Winston Churchill was appalled by the days of inactivity as Lucas steadily built up his manpower, stores and equipment. His response was to lean on Harold Alexander commanding 15th Army Group who, in turn, lent on Clark. He, in turn, lent heavily on Lucas. After much discussion, Lucas was ordered to breakout with the forces that he had at his disposal in the beachhead and thrust into the Alban Hills. See Map 3. This he did on the night of 29-30 January 1944 with elements of 1st British Infantry Division pushing up the Anzio-Albano road towards Campoleone and elements of 3rd US Infantry Division pushing up the Conca-Cisterna road towards Cisterna. Both met with disaster. Whilst the US operation achieved nothing except kill and main large numbers of Rangers, the British operation created a weak salient deep into German lines. The tricky bit with salients is that they are notoriously difficult to defend because all sides except the base are exposed and need large amounts of troops to picket the newly created perimeter. Lucas did not have large amounts of troops – indeed, for the size of the task, he had pitifully few.


Map 3. The Salient.

With very little threat from the US sector, the Germans focussed their attention and resources on the new British salient and steadily pushed it back with counter attack after counter attack. See Map 3. By 15 February 1994, they were pushed as far back as the ‘Flyover’ – what the Allies decided would be their Final Defensive Line. Clark rushed 56th British Infantry Division and 45th US Infantry Division to the scene in an attempt to shore up the defence but most realists recognised that the beachhead was now in deep trouble. The likelihood of the Final Defensive Line giving way was high especially as ULTRA intercepts were telling the Allies that Hitler was now involved and sending troops to Anzio from the Balkans, Hungary and France.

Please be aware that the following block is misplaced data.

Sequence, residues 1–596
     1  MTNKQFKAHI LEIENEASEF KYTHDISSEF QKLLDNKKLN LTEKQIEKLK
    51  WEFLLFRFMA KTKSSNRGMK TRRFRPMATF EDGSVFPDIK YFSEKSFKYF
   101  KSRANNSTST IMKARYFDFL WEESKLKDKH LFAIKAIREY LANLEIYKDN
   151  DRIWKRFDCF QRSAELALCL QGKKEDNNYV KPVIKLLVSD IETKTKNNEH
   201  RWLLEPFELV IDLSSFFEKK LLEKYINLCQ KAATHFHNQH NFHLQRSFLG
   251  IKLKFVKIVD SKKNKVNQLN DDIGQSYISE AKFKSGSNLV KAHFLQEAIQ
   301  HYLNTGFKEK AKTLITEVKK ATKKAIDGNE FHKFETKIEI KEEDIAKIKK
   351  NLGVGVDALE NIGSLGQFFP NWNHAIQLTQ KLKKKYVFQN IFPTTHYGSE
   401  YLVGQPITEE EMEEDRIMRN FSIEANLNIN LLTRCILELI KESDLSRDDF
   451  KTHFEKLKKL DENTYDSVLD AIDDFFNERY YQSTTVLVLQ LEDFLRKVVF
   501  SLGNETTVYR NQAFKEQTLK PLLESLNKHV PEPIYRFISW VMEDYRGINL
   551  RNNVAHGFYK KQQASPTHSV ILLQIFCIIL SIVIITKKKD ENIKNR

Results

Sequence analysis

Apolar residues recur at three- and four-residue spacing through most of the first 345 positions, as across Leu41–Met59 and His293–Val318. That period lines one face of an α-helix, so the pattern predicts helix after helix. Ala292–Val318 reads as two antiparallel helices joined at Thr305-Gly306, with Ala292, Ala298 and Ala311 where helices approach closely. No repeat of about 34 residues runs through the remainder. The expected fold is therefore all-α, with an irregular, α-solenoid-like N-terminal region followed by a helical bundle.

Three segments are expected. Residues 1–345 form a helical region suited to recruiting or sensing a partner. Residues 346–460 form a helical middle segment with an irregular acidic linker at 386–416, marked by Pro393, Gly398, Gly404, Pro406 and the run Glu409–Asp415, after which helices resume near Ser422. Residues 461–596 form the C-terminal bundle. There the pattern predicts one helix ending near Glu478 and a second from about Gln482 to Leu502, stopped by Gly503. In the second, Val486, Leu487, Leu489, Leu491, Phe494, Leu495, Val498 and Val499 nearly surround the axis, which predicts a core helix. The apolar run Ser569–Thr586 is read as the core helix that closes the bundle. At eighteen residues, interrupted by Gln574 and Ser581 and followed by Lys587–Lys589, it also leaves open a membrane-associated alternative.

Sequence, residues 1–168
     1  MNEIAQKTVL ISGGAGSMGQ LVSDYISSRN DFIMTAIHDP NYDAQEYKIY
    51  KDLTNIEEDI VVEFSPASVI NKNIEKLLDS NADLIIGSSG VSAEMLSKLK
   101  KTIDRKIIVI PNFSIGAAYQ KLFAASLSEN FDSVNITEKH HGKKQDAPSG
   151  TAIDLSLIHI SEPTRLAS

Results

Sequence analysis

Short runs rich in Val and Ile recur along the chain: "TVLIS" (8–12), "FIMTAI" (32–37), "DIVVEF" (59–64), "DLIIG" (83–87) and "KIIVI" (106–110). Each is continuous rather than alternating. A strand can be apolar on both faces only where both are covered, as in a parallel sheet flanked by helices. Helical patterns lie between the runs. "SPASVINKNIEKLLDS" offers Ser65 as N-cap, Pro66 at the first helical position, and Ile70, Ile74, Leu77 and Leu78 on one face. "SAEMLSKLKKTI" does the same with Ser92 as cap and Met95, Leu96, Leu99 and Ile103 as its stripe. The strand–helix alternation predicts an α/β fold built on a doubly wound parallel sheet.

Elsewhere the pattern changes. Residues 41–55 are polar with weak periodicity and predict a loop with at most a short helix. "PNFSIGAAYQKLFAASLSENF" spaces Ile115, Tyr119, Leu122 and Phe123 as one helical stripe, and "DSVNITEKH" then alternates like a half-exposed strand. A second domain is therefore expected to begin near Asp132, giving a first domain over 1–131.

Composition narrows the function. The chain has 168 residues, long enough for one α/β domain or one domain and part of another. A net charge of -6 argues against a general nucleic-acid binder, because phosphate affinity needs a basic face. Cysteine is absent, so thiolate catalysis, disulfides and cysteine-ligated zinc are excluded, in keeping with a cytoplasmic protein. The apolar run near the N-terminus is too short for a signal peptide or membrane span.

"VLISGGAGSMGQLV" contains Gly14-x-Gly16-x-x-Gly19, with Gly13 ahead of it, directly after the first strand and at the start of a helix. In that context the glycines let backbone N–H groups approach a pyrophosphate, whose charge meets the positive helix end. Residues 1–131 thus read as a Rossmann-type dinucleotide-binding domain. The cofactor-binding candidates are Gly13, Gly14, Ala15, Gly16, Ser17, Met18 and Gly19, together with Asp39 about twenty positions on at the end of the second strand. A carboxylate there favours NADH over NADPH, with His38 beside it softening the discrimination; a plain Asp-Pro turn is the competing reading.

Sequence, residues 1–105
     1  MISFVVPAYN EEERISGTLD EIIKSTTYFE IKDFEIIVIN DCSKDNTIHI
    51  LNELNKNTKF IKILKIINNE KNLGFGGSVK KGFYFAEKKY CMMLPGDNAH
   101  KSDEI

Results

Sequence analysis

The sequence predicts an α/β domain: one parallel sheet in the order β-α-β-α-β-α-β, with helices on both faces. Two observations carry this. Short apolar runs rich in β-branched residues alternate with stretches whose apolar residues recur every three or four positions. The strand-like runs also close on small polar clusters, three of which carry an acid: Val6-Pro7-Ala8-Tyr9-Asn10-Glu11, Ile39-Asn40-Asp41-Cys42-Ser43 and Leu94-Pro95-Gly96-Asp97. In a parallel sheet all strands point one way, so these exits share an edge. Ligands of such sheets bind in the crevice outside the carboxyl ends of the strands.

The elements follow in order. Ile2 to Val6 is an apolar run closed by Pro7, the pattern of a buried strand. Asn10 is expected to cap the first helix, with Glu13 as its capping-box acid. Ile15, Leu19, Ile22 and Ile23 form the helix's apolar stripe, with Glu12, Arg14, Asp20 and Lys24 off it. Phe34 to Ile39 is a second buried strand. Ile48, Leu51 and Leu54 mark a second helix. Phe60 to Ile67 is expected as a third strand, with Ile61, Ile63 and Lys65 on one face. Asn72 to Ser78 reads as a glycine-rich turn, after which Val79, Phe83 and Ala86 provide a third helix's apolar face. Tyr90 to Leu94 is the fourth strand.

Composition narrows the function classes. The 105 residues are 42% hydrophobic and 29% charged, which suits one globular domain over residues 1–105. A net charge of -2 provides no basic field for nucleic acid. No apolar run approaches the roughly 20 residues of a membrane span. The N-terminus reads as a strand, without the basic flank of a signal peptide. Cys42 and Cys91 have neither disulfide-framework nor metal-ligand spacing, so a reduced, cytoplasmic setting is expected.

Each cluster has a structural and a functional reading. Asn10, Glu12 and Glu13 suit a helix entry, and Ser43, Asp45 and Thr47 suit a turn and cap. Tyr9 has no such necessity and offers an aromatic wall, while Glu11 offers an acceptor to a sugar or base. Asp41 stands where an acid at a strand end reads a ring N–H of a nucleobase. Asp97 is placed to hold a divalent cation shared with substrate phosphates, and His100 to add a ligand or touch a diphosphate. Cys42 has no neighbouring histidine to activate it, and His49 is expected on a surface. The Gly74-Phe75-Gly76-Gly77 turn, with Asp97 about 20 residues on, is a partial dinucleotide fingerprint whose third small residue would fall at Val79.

Map 4. Holding the Beachhead.

Hitler had recognised the potential at Anzio. To push Lucas back into the sea would clearly demonstrate to planners working on Operation OVERLORD that the Allies had still not mastered amphibious operations. The sheer scale and complexity of Operation OVERLORD meant that it was a one-time only event that the Allies could not afford to get wrong. To fail at Anzio would be to put a successful Operation OVERLORD in doubt. In effect, both sides just had to win at Anzio. As a result, the Allies put some of their enormous ‘lift’ requirements for Operation OVERLORD on hold and diverted that shipping to rush soldiers and equipment into the beachhead. The 5th British Infantry Division were the next to go in.

The net result of this increase in Allied force levels at Anzio in February and March 1944 was that the beachhead held and the front stabilised. The massive German counter attack that started on 16 February 1944 was held and by the beginning of March 1944 had simply run out of energy. However, the Allies had insufficient energy to take advantage of this and so the beachhead entered a two and a half month period of stalemate. See Map 4. During this period, Clark sacked Lucas and replaced him with Lucien Truscott.

For the Allies, that stalemate period was one of unremitting drudgery and horror. In the British sector, the front line that they had established and dug in on, was comparable to some First World War battlefields. Casualties in the ‘Wadis’ mounted but there was no respite because the Germans controlled all the high ground in the Alban Hills and Lepini Mountains from where they directed all their guns – and anything Allied in the beachhead was considered fair game including Evacuation Hospitals.

Despite continual German bombardment, clever VI (US) Corps logistics and the plenty that Uncle Sam unselfishly provided, ensured that the beachhead was not only able to hang on but also to build up enormous stocks especially of tanks, fuel and ammunition. This needed to happen if any breakout was to be possible at some point later. The Allies also started to bring in new Divisions and remove tired ones. Out went 56th British Infantry Division and in came the rest of 1st US Armoured Division, the Special Service Force, 34th US Infantry Division and 36th US Infantry Division.

Map 5. VI (US) Corps breakout.